Natural Source Zone Depletion (NSZD) encompasses all processes that result in petroleum hydrocarbon light non-aqueous phase liquid (LNAPL) mass loss. Vertical gas transport between the subsurface and atmosphere is a key component of NSZD. Gas exchange with the atmosphere may be restricted at sites with ground cover which is typical for European fuel retail sites. This raises questions of whether, and to what extent, the generic NSZD conceptual model applies at these sites. Here, we present a study that evaluated how concrete and asphalt pavement affected NSZD processes and data interpretation for three NSZD assessment methods: soil gas concentration gradient, biogenic heat, and carbon dioxide traps.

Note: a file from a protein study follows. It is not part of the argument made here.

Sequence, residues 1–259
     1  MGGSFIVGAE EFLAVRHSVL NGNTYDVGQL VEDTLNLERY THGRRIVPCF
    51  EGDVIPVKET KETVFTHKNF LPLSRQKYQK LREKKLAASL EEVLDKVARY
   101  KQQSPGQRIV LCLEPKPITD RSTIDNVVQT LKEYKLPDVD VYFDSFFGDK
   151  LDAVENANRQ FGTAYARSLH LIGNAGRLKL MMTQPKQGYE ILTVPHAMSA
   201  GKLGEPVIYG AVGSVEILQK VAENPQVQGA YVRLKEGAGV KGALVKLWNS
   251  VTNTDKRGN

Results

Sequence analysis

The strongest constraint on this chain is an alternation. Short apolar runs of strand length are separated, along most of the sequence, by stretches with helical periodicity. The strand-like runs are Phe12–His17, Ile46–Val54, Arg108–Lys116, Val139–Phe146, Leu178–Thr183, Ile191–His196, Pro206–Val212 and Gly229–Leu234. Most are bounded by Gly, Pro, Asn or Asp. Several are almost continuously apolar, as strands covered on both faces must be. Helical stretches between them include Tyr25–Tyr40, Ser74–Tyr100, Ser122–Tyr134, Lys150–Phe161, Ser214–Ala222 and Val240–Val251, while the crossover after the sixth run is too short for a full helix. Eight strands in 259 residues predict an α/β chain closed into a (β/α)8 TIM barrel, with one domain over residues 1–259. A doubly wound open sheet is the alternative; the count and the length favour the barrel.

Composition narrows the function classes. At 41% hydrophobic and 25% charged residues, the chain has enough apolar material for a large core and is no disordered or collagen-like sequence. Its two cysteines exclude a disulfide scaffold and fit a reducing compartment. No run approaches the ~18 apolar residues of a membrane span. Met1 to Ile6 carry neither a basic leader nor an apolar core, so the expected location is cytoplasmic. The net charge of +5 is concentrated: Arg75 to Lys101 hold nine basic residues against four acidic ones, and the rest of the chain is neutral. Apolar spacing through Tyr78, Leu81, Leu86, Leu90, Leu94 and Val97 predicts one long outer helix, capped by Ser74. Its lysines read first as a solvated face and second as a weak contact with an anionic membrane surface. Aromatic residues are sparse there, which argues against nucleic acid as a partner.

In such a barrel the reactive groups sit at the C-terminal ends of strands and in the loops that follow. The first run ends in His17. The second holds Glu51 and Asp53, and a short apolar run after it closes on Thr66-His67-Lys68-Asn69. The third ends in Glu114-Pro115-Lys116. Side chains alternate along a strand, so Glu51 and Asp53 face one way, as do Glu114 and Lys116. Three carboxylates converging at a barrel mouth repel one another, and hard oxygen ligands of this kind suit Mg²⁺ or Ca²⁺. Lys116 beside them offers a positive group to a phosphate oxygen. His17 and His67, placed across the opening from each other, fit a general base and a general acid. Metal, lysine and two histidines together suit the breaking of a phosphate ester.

All methods demonstrated that NSZD was occurring and NSZD rates were generally within the low-end of values reported in literature for unpaved sites. However, there was considerable variability in the rates, which highlights the need for careful examination of the conceptual site model and potential interferences for each method. The results demonstrate the viability of soil gas and temperature data collected from existing monitoring wells screened into the unsaturated zone without the need for additional, intrusive subsurface installations. The results also provide useful guidance for developing optimal long-term NSZD monitoring approaches, where necessary.

Scientific editing by Jonathan Smith; Gary Wealthall

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